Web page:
(0032X) And Now For Something Completely Different

And Now For Something Completely DifferentAugust 29, 1971 | 3 weeks at #1

Seen by Martin before? Yes

What did I expect? A massive dose of Monty Python lunacy.

What did I get? Anyone who needs to be convinced or reminded that Monty Python is almost certainly the greatest conglomeration of comedic talent available on recorded media probably isn’t reading this blog. The fact is, there isn’t much original one can say about Monty Python at this point. If you’re fond of Monty Python, you’ll surely enjoy And Now For Something Completely Different. But newcomers will find better versions of these same sketches in the original BBC television series, Monty Python’s Flying Circus. For the Python lover who regards the Flying Circus as sacrosanct — the Holy Grail, one might say — ANFSCD is more than a bit frustrating. The material is top-notch, but these versions are quite stilted by comparison.

As you can see, I’m a Python fan, so it’s with some regret that I must point out the flaws of ANFSCD. ANFSCD was the first time that American audiences ever got to see Monty Python, and therein lies its primary historical importance. The sketches are great, of course, but the now-familiar TV versions were reshot for film, and the boys, having spent a couple of years working on the series, were probably a bit tired out at this juncture, because the sketches here mostly lack the spontaneity of the original versions, and this material may not be optimal for the big screen to begin with.

Two examples. You know that gorgeous little bit where Palin runs up to Constable Cleese, saying that someone has stolen his wallet? After an awkward pause, Palin asks Cleese if he’d like to come back to his place; Cleese says, “All right.” End sketch — just lovely. The version here could not feel less fresh — Palin and Cleese blow the timing, and the exquisite rhythm the sketch had on TV never materializes. Likewise, when it emerges that the owner of the pet shop in the Dead Parrot sketch secretly wants to be a lumberjack, Python lovers of long standing may regard it as an affront, since they know that it’s really the Bloodthirsty Barber who secretly wants to be a lumberjack.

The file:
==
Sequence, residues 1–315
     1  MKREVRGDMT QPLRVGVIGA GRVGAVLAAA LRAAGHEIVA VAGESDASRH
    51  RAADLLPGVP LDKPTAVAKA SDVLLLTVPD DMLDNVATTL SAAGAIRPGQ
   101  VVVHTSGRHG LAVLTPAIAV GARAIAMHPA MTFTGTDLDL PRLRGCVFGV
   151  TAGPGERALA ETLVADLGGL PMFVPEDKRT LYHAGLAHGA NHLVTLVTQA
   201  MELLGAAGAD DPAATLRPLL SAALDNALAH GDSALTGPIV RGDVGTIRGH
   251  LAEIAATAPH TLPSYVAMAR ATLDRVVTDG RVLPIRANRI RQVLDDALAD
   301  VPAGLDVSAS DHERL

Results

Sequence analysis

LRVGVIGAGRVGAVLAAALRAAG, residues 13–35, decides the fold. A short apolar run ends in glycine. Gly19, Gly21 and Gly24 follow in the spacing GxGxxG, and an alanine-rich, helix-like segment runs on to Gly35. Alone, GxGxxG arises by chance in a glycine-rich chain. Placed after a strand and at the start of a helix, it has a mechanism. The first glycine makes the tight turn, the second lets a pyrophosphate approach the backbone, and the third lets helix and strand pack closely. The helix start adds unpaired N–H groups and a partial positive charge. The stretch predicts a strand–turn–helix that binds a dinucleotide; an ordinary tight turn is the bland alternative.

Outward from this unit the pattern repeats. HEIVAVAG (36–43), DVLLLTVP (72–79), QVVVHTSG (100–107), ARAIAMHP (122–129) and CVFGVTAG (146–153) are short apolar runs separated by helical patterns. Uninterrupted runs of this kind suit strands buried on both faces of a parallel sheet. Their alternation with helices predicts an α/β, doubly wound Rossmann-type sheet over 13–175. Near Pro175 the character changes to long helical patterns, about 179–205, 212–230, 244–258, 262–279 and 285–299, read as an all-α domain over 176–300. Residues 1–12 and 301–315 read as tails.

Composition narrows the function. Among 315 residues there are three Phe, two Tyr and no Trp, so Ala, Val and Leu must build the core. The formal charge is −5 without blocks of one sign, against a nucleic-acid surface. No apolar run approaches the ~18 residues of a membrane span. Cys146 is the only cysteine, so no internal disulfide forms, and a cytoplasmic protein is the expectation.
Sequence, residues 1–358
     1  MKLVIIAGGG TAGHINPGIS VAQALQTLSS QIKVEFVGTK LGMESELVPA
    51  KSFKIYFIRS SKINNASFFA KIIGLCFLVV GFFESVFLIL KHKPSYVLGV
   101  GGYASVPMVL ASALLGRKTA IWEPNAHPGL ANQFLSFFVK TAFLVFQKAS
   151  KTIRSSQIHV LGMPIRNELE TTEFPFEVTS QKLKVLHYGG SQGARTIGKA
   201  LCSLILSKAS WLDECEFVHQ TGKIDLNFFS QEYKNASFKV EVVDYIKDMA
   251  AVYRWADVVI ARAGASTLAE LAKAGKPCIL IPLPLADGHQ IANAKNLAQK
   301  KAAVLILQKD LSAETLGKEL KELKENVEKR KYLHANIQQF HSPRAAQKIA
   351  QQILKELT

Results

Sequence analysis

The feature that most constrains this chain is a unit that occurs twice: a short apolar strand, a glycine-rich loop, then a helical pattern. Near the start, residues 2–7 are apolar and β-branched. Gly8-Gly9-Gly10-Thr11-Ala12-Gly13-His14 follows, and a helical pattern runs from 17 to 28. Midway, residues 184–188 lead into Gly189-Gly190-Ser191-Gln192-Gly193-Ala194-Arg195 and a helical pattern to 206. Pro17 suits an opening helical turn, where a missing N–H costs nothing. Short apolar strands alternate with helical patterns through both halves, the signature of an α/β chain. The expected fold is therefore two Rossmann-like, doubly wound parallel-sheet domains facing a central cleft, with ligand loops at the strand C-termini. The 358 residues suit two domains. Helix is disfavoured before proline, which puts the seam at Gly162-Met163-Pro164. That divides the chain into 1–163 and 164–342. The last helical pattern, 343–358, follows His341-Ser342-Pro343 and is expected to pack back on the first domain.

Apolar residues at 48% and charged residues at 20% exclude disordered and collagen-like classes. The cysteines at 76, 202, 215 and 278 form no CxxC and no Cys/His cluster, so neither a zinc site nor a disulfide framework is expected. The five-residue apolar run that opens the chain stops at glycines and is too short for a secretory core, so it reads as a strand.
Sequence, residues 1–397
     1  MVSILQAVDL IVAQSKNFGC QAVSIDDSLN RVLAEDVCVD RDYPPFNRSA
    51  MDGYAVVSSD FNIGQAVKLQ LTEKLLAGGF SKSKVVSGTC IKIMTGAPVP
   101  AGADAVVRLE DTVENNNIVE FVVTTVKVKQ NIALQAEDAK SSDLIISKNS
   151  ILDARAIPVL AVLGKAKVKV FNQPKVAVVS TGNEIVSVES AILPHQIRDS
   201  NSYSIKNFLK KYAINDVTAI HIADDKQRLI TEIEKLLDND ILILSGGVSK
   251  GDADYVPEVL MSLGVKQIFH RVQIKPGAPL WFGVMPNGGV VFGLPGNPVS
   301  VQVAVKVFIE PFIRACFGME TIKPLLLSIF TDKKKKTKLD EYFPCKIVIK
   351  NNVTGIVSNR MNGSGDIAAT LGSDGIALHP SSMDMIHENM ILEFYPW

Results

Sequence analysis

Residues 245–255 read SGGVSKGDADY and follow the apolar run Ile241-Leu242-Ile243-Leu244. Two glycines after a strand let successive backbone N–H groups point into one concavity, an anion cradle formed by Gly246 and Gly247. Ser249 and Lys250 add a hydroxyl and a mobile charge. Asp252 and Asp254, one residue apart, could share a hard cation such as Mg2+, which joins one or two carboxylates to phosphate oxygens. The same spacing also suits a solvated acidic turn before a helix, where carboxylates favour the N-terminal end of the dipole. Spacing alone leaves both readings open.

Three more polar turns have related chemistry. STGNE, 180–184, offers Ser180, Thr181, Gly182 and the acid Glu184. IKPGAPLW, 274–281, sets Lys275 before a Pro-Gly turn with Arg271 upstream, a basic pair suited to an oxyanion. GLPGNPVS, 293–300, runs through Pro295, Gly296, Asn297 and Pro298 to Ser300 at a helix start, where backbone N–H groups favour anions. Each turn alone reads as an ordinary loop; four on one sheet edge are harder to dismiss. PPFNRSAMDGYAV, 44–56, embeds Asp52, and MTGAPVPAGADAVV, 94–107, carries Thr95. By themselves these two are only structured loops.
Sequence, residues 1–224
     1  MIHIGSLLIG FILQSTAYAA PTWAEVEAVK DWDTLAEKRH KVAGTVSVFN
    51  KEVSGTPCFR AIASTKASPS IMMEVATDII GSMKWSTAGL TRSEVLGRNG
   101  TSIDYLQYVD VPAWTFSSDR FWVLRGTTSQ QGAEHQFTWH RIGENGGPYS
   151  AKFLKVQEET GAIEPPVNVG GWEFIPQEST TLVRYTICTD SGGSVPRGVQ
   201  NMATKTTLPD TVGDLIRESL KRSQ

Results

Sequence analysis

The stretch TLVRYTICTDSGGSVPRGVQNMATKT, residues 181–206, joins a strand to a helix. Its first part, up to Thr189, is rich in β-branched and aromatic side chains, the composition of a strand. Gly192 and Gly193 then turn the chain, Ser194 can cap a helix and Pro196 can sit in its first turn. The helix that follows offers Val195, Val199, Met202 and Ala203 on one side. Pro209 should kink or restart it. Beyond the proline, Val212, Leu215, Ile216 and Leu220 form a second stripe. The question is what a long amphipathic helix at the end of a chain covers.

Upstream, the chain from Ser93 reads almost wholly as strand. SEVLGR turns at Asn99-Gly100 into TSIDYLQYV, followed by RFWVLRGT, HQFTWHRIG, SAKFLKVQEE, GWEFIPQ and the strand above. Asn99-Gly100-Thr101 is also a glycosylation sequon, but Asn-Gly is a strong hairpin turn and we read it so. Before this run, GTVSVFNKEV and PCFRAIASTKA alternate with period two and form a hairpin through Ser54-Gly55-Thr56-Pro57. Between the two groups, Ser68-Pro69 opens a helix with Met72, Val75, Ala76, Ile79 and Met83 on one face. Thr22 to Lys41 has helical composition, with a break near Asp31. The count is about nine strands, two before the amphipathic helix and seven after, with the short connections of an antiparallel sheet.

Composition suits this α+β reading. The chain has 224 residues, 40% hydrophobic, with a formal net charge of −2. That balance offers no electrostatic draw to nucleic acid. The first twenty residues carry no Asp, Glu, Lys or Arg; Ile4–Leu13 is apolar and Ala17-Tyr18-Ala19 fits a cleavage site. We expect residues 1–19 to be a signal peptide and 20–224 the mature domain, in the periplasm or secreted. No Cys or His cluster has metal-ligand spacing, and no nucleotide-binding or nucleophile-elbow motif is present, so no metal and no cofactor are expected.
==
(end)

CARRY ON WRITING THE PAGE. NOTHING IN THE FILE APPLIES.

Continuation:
One of the differences between movies and TV is that whereas movies are a dictatorial exercise in monolithic, authorial control, TV is a piebald trollop. TV accepts everything, at any time, on any channel — comedy, drama, live sport, news, advertisements, white noise — while movies ruthlessly prune away the extraneous. This is why Python sketches work better on the small screen: Python’s genius breakthrough of replacing sketch-concluding punchlines with non sequitur transitions were a perfect corollary to television’s mongrel nature.

After ANFSCD‘s credits, tuxedo-clad Terry Jones pops out from behind a curtain, his dimensions scaled to approximate “actual size” in an actual movie theater, and explains that they are woefully short of the material needed for a full-length movie. That’s almost the sole attempt to translate Python’s conceptual trickery, so endlessly rich and fertile on the TV series, to the movie format. These sketches were written with TV in mind, and that’s where they work the best. However, it’s still Python. Nobody ever wrote better sketches, and few have ever been funnier in sketches.

What here smacks of 1971?  “Playboy Productions Presents….”

IMDB score: 7.5

My score: 8

Director: Ian MacNaughton

Writers: Graham Chapman, John Cleese, Terry Gilliam, Eric Idle, Terry Jones, and Michael Palin

Starring: Graham Chapman, John Cleese, Eric Idle, Terry Jones, Michael Palin, Terry Gilliam, Carol Cleveland, Connie Booth

IMDB synopsis: A collection of re-filmed sketches from the first and second series of the cult TV comedy show “Monty Python’s Flying Circus”. Includes such classics as “Nudge, Nudge”, “Hell’s Grannies”, “Killer Cars”, “Dead Parrot”, “Lumberjack Song”, “Blackmail” and “Upper Class Twit of the Year”.

Get it at Amazon!


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